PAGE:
JOHN PAUL II TO ENCOUNTER OF 
EASTERN CATHOLIC CHURCHES IN AMERICA AND OCEANIA 


Pope John Paul II sent a special message to Cardinal Achille Silvestrini,
Prefect of the Congregation for the Oriental Churches, Papal envoy to the
First Encounter of Bishops and Religious Superiors of the Eastern Catholic
Churches in America and Oceania being held in Boston from 7 to 12 of
November. 



To My Venerable Brother 
Cardinal Achille Silvestrini
Prefect of the Congregation for the Oriental Churches 

I am pleased to send greetings through you to those taking part in the
meeting of Bishops and Religious Superiors of the Eastern Catholic
Churches in America and Oceania with the Congregation for the Oriental
Churches which will take place in Boston on 7 - 12 November 1999. I send
a special word of thanks to Cardinal Bernard Law, Archbishop of Boston,
whose generous hospitality has made this meeting possible. 

Following the similar gathering of those responsible for the Eastern
Catholic Churches in Europe, held in July 1997, and encouraged by the
many fruits born of that meeting, your Congregation saw the usefulness of
promoting this new opportunity for joint study and assessment. The
purpose of this meeting is to bring the different Eastern Churches together
for reflection and common prayer in order that, together with the
Congregation, they may recognize the unique characteristics of their
presence in America and Oceania and identify paths of commitment for the
future. 

This is a particularly valuable opportunity for the Congregation, since it is in
coming together with the leaders of the Churches which it serves and in
listening to their needs that your Dicastery is best able to fulfil its role of
assisting the Successor of Peter in his own ministry of service. But it is a
most precious moment also and above all for the Eastern Churches
themselves, because it is through an exchange of experiences and
reflections that they will be able to discern the voice of the Spirit who
guides the Church on her journey through time. 

Attentive to the Spirit, the Bishops will be able to identify certain common
lines of action in responding to the needs and expectations of their own
communities and of the men and women of today. A common strategy is
necessary not only if the proclamation of the Gospel is to have greater
force and relevance, but also if it is to be a visible sign of the communion
of the entire Church in the rich variety of her theological, spiritual, liturgical
and canonical patrimony, a patrimony of which all her members partake to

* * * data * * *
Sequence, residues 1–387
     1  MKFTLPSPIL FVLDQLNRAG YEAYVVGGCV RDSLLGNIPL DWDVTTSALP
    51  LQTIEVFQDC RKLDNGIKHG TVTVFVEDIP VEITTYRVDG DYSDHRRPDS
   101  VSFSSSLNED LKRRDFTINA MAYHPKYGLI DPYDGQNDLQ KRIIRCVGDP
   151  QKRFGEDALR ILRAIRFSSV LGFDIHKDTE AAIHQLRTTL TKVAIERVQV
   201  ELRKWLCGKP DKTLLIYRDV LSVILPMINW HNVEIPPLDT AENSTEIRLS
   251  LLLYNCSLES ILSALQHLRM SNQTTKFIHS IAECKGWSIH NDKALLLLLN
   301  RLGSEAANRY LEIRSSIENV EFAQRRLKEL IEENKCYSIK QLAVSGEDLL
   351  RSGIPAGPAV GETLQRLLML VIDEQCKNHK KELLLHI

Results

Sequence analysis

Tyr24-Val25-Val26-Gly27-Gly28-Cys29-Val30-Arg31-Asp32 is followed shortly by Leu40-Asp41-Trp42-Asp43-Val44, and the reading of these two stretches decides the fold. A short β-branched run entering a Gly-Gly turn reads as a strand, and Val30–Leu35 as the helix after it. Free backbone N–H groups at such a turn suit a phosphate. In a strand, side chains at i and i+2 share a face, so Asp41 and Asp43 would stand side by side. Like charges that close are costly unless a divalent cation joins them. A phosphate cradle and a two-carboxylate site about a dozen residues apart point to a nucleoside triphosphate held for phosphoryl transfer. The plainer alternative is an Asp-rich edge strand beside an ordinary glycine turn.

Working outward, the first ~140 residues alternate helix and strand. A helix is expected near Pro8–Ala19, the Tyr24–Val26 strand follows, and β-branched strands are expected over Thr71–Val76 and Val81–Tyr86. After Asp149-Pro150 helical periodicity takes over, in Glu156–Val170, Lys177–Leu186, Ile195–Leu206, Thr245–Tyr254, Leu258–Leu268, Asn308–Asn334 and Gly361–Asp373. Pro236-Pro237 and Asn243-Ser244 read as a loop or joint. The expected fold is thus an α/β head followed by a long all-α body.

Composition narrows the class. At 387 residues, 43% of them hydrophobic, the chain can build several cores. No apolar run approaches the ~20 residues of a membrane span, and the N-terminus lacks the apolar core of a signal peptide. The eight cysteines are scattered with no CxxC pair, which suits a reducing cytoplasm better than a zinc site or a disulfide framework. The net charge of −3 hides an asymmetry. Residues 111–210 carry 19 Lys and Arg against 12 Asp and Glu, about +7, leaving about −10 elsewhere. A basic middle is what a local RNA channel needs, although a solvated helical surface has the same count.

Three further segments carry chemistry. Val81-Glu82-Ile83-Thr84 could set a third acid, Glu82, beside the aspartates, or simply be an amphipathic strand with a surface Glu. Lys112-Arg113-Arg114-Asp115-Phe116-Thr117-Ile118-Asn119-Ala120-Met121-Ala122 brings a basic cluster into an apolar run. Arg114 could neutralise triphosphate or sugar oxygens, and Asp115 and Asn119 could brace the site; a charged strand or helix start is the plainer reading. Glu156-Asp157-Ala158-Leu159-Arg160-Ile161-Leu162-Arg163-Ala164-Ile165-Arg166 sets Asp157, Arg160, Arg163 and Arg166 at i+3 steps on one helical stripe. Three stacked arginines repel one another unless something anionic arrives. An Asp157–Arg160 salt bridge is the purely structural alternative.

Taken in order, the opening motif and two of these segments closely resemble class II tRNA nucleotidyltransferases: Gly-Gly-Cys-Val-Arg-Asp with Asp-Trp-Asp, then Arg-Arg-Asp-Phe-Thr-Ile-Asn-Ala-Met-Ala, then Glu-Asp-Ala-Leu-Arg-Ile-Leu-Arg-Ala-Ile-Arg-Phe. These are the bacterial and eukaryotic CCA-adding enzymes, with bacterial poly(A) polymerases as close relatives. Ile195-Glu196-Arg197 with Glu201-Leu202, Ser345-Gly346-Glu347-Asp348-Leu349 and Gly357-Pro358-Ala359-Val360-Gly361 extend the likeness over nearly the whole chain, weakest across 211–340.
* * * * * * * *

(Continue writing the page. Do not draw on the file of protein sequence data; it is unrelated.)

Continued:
their mutual benefit. 

As you engage in the work of these next few days, the Bishop of Rome -
the Church which presides in charity - accompanies you with his prayers. I
ask the Lord to grant that the Eastern Catholic Churches, in fidelity to their
historical roots and with careful discernment of the social realities in which
they live and minister, will have the courage to walk the prophetic path
which the Spirit is indicating to the followers of Jesus Christ at the
approach of the Third Christian Millennium. 

Here I would like to recall certain criteria, entrusting them to your joint
reflection, which came out of the Special Assembly for America of the
Synod of Bishops, held in the Vatican from 16 November to 12 December
1997. Although addressing the specific situation in America, these
observations apply equally to the Church in Oceania. 

In my Post-Synodal Apostolic Exhortation Ecclesia in America, 
I wrote: "Immigration is an almost constant feature of America's history
from the beginning of evangelization to our own day. As part of this
complex phenomenon, we see that in recent times different parts of
America have welcomed many members of Eastern Churches who, for
various reasons, have left their native lands. A first wave of immigration
came especially from Western Ukraine; and then it involved the nations of
the Middle East" (No. 17). This immigration came to involve all the Eastern
Churches, including those of other regions, for example India. Thus it was
made "pastorally necessary to establish an Eastern Catholic hierarchy for
these Catholic immigrants and their descendants" (ibid.). This context
allows us to address an issue which is really the primary object of this
meeting: the "diaspora". 

I encourage all of you to study this question in depth. 
The fundamental principle which your reflections must always bear in
mind can also be found in that same Post-Synodal Apostolic Exhortation:
"The Synod Fathers recalled the norms given by the Second Vatican
Council, which recognize that the Eastern Churches 'have the right and the
duty to govern themselves according to their own particular discipline',